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Candidate Questionnaire: Art Washut for House District 36

Rep. Art Washut, Natrona County (Dan Cepeda, Oil City)

CASPER, Wyo. — Election season is underway and Oil City News has sent a list of questions to candidates for the Wyoming Legislature out of Natrona County who have filed to run in the primary election in August.

These questions are designed to give our readers a better understanding of the people behind the names on the ballot. Below, get to know Art Washut, who is running for reelection to the House District 36 seat in the Wyoming Legislature:

1. Who are you? (Name, where you’re from, employment, hobbies, etc.)

I am Art Washut. I am a Casper native who attended Casper schools and earned a Master’s in Public Administration from the University of Wyoming. Presently, I teach criminal justice, political science and addictionology classes at Casper College. Prior to that I rose through the ranks of the Casper Police Department and retired as the interim police chief. I enjoy gardening, shooting, fishing, camping and Wyoming Cowboy football.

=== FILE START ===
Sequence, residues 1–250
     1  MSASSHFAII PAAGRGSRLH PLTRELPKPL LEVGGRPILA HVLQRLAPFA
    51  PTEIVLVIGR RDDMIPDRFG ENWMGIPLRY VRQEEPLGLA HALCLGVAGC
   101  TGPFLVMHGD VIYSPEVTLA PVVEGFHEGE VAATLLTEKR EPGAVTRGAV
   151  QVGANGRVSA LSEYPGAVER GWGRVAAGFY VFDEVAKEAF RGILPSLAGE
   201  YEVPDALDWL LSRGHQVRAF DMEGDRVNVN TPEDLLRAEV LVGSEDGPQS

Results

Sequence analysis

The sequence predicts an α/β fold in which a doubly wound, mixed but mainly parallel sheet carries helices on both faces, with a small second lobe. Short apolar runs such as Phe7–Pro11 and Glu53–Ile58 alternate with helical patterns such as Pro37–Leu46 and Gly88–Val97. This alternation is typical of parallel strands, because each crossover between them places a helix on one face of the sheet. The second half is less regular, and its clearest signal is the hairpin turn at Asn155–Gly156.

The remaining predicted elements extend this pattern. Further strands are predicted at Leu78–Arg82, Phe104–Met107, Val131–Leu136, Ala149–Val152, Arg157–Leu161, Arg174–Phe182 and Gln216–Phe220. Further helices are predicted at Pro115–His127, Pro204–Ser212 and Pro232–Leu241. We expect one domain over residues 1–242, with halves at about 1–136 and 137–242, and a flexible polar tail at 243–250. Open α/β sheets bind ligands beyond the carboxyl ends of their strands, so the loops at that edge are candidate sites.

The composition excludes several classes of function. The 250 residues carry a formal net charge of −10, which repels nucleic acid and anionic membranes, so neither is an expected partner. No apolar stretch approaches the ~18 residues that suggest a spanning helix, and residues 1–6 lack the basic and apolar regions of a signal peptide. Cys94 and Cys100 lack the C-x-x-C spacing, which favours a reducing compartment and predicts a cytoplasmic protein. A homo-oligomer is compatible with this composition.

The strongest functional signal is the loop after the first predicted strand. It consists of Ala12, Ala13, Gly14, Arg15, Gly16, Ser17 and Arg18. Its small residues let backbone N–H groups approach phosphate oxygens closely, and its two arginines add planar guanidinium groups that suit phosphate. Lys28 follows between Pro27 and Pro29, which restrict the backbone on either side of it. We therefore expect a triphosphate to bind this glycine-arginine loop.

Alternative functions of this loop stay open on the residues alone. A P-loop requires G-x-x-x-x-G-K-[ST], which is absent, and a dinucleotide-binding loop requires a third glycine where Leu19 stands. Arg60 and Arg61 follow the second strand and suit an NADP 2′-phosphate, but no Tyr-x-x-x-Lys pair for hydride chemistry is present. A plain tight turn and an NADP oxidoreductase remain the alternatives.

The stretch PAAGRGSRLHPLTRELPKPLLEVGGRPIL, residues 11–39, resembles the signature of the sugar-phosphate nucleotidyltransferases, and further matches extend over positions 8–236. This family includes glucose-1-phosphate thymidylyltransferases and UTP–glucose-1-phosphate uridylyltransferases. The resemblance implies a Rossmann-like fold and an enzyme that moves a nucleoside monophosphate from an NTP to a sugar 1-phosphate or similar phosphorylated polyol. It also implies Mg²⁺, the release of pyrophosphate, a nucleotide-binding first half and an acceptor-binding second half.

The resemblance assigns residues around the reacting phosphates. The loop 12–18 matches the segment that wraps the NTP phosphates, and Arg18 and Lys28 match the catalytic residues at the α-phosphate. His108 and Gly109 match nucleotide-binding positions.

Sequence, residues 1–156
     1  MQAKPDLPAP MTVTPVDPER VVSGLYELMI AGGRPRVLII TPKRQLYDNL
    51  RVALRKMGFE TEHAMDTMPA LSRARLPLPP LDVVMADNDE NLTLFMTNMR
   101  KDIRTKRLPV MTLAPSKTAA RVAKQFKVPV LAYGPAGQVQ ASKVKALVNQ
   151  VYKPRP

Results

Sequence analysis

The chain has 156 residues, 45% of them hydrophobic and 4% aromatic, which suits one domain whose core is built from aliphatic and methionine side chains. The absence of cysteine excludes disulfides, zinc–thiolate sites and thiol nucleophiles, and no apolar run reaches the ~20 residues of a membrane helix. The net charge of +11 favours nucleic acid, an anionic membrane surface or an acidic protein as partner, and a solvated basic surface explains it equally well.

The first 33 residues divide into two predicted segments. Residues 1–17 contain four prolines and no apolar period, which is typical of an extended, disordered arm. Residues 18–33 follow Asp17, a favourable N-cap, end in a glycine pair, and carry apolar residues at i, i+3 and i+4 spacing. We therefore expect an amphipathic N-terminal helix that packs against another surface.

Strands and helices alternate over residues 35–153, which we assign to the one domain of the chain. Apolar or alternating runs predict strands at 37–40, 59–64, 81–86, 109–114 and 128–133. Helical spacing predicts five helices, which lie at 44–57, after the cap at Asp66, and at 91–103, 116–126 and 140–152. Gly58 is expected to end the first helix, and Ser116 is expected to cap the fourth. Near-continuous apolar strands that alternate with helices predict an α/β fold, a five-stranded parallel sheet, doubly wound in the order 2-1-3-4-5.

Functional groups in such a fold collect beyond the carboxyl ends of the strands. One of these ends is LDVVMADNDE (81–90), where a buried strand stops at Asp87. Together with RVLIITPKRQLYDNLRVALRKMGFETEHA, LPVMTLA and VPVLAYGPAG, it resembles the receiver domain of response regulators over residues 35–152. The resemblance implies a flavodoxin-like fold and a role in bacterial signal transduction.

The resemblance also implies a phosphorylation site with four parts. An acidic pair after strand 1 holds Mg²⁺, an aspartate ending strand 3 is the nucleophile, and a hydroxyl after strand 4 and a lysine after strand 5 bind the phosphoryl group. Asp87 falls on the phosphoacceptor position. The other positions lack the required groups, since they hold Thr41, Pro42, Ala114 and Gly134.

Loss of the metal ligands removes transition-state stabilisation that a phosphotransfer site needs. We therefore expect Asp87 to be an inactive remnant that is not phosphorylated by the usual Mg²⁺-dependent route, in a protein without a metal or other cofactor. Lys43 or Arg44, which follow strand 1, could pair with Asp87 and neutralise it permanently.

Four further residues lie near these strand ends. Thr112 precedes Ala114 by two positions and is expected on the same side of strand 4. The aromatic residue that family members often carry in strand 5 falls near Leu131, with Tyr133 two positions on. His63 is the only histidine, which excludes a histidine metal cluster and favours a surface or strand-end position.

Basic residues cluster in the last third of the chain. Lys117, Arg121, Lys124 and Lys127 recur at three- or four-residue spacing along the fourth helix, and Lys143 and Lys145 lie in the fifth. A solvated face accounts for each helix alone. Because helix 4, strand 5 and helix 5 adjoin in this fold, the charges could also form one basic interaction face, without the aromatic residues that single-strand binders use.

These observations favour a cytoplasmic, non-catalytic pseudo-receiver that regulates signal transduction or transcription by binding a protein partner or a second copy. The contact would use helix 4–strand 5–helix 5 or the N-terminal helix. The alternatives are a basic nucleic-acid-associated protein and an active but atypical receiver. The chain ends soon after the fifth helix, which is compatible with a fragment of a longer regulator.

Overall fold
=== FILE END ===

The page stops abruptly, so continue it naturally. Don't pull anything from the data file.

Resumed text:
2. Why have you decided to run for office and what do you hope to accomplish should you be elected?

I am running for reelection to the Wyoming House because I have invested the time and energy necessary to become an effective legislator. All five bills on which I have been the prime sponsor are now law. I presently serve as the vice-chair of the House Judiciary Committee. One of the most satisfying parts of being a representative is helping local people with their issues. I like making the laws of the state work for our citizens; whether it is the mom who is concerned about discrimination against people with disabilities when they need an organ transplant, the Wyoming Athletic Trainers who want their scope of service updated, or a reserve deputy who discovered that liability coverage for volunteer peace officers was assumed but not clearly stated in statute. I really don’t have a personal agenda of things I want to accomplish other than to do what I can to keep Wyoming the special place that it is.

3. How do you plan on accomplishing your goals?